Nurse Jackie Review: Down with "Disneyland"
Initially, my favorite aspect of "Disneyland Sucks" was that it looked like we'd be speeding through Jackie Peyton's time in rehab.
Day 1... Day 2... Day 6. Yes, I'm the same person who wrote that the Nurse Jackie season premiere was a welcome episode because it introduced a great deal of change into what had become a stale universe, and I feel the same way now.
But I'm not sure how much we need to actually see of Jackie going through the steps. Most of this installment played out like a familiar refrain, akin to many other shows (i.e. House) that have placed its lead into treatment:
Patient is reluctant. Patient clashes with rehab advisor. Patient forms a bond with a fellow member. Patient comes close to getting kicked out, only to eventually realize that maybe he or she really can be saved. And, moreover, really wants to be saved.
None of that felt especially fresh here, until we got to the guilt over Grace. Now we're on to something!
Jackie really never seemed like the best mother. Drug problem aside, the girls were simply closer to Kevin, who could get down to their level and speak to them as both a parent and a friend. Jackie always came across as exasperated by her kids, resentful of them even.
So it makes sense that perhaps she was simply never meant to be a mother. Not all women are cut out for it, but I can only imagine the jarring realization this could induce in a woman after she has a baby. It could be enough to make her turn to drugs one day... and then the next... and then the next day after that.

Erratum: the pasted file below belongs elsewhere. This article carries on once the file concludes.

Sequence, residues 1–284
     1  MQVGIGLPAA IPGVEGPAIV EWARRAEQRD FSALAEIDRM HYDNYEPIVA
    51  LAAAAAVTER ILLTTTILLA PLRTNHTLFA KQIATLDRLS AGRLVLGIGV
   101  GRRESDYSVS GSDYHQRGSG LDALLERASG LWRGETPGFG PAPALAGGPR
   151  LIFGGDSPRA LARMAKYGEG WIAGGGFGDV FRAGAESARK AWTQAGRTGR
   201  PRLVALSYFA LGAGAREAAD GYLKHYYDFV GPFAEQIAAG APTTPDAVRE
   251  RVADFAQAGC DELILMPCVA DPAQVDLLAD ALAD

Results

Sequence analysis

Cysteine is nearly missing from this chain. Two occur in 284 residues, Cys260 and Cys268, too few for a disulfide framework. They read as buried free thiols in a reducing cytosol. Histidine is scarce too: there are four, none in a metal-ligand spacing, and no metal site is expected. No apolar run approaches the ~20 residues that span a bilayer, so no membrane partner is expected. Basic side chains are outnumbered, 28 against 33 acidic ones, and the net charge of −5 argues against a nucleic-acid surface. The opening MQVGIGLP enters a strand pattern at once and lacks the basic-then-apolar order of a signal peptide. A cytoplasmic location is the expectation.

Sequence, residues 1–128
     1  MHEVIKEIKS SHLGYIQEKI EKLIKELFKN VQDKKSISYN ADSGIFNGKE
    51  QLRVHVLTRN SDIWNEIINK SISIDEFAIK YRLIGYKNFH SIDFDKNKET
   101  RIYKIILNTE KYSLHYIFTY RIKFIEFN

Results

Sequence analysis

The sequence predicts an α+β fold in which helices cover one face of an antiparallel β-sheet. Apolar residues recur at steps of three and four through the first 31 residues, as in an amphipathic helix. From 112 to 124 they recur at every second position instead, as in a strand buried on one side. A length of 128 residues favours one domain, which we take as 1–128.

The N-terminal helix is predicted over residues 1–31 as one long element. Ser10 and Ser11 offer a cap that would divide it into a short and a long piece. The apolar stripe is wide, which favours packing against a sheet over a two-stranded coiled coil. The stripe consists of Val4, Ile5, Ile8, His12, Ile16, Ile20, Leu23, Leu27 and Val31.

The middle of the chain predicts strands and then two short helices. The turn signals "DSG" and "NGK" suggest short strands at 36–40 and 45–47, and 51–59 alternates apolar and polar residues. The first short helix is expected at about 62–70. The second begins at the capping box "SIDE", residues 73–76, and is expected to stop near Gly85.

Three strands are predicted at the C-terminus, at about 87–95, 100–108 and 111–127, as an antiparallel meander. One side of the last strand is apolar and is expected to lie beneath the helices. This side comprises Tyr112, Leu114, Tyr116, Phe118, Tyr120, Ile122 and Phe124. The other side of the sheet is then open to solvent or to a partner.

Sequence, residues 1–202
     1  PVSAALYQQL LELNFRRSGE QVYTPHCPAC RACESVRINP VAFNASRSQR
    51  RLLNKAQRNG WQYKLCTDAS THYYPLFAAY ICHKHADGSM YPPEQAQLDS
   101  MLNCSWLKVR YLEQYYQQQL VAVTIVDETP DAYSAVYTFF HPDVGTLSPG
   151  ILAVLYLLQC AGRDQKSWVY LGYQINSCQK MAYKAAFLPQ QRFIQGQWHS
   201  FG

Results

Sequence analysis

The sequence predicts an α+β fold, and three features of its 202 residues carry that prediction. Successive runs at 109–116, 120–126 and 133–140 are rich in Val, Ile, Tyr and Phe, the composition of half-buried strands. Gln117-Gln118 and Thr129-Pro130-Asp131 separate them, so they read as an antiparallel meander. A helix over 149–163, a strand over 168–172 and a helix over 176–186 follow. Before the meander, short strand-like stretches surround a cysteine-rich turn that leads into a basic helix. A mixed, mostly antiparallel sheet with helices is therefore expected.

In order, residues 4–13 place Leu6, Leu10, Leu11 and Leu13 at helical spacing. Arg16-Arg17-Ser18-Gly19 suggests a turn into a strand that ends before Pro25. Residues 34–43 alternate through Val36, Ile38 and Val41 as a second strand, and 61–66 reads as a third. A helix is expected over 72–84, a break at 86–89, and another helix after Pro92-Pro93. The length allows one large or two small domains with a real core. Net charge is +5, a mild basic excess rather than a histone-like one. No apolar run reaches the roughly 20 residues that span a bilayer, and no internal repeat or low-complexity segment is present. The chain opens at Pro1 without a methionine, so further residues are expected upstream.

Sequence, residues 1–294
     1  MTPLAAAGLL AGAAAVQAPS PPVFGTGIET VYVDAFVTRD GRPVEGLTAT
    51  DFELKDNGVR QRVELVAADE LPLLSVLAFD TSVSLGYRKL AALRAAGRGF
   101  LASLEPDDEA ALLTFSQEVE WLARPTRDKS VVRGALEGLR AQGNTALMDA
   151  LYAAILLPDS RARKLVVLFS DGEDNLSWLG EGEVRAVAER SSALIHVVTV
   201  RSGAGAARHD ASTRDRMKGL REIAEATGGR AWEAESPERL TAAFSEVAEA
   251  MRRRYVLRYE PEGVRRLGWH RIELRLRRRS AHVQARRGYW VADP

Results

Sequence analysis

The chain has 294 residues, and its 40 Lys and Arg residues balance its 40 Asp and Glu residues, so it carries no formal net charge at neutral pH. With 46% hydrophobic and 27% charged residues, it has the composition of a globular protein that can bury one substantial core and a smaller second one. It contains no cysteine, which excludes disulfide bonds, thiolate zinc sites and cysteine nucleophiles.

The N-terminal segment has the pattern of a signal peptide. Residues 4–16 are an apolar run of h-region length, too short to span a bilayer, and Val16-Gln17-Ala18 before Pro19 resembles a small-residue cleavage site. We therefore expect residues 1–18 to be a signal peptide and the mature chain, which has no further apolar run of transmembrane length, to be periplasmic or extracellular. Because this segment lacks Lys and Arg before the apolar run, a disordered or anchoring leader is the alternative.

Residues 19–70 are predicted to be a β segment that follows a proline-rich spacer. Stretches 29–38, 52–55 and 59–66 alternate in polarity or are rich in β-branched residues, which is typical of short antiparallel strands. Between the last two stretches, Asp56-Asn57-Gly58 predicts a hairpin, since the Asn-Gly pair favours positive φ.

Is Jackie here entirely because of her daughters? Maybe not. (Was she ever really happy in her marriage, either? Eddie would say no.) But this was at least very refreshing insight into an otherwise filler episode, one that had to be aired in order to show us that Jackie actually attended rehab, but one that will really only serve as a buffer to her returning to the hospital in the near future I presume.
Nothing else really clicked, either, starting with the bizarre guest-starring appearance of New York Knicks star Carmelo Anthony. He played the recovering athlete in rehab and, for this sports nut at least, was nothing but a distraction from what should have been a serious storyline.
Back at the hospital, meanwhile, it was a shame to see everyone so reliant on Jackie. We'd get snippets of life at All Saints, only to cut back to Jackie at the treatment center. I'd like to think that Zoey, O'Hara and company are established well enough at this point where we could see them presiding over a patient or interacting in some way without it always coming back to their missing co-worker.
I am digging Dr. Cruz, however. He's hard to figure out, seemingly all business, but with a good heart, perhaps? Or maybe he just wanted O'Hara to have the bigger office for reasons that sounded benevolent - closer to the ER, with a couch - but which he really knew would result in a more efficient hospital. He's sort of an evil genius.
And he told Coop to shave. So he gets major points from me in that regard.